The Origin of Christmas Carols

It is uncertain when Christmas carols originated.  Christmas carols have a long history in Poland, with the oldest dating to the 15th century.  In the UK carol singing came into its own in Victorian times, with the advent of the Victorian Christmas.  This was when Christmas became a holiday families could enjoy, and celebrate, and music in the home was a large part of the celebrations, with singing carols after the Christmas meal becoming a tradition.

It is also unclear when the tradition of going from house to house carol singing began, but it is thought that it may have its origins in medieval times, when watches – which included musicians – patrolled England’s towns to keep order. Lincoln, for example, had a group of waits until around 1850.  In his short story The Seven Poor Travellers (1854), Charles Dickens describes a group of musicians performing in a town one winter’s evening.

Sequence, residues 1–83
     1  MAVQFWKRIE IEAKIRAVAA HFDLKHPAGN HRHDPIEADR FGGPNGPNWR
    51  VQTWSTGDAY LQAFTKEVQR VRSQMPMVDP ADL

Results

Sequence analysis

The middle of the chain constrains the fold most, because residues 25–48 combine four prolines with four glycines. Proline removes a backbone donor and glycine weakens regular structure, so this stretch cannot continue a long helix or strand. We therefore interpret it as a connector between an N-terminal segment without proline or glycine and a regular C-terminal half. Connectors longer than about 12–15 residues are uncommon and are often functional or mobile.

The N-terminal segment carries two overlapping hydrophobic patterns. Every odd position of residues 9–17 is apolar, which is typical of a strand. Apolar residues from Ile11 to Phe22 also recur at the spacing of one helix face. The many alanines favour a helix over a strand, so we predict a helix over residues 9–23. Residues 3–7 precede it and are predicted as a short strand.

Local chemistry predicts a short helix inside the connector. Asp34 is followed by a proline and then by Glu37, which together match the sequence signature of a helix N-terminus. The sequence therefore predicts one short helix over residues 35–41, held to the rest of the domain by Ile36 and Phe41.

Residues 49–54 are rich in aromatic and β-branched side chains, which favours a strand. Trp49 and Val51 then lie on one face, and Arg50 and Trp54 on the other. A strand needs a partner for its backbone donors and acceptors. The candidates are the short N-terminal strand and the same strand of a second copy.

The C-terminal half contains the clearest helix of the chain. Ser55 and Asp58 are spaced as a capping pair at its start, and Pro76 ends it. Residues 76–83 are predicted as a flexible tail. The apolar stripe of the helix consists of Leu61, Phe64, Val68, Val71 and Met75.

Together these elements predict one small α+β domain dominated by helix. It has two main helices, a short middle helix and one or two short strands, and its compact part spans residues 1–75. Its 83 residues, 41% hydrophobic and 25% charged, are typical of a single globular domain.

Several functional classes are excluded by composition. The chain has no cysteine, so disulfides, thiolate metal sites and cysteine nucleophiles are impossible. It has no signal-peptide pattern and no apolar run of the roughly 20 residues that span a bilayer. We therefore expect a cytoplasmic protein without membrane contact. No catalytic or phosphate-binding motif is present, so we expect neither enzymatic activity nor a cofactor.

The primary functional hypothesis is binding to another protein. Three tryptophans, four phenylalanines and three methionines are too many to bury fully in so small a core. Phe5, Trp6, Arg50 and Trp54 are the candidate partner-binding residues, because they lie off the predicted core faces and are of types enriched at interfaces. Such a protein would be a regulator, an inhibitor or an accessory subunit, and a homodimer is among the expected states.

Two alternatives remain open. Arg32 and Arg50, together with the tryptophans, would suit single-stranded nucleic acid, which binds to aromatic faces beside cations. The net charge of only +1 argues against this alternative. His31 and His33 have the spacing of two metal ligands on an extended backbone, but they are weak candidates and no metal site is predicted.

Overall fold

For children the most popular Christmas carols are those that remind us of the Nativity scene, including:

  • “Away In A Manger”
  • “O Holy Night”
  • “O Little Town Of Bethlehem”
  • “Mary’s Boy Child”
  • “The Holly And The Ivy”

We will be singing some of these at our Carol Concert on 13th December, so in case you would like to practise with your child, we thought you may like the words to Away In A Manger:

Away in a manger
No crib for a bed
The little Lord Jesus
Lay down his sweet head
The stars in the sky
Look down where he lay
The little Lord Jesus
Asleep on the hay
The cattle are lowing
The poor baby wakes
But little Lord Jesus
No crying he makes
I love thee Lord Jesus
Look down from the sky
And stay by my cradle
‘Til morning is nigh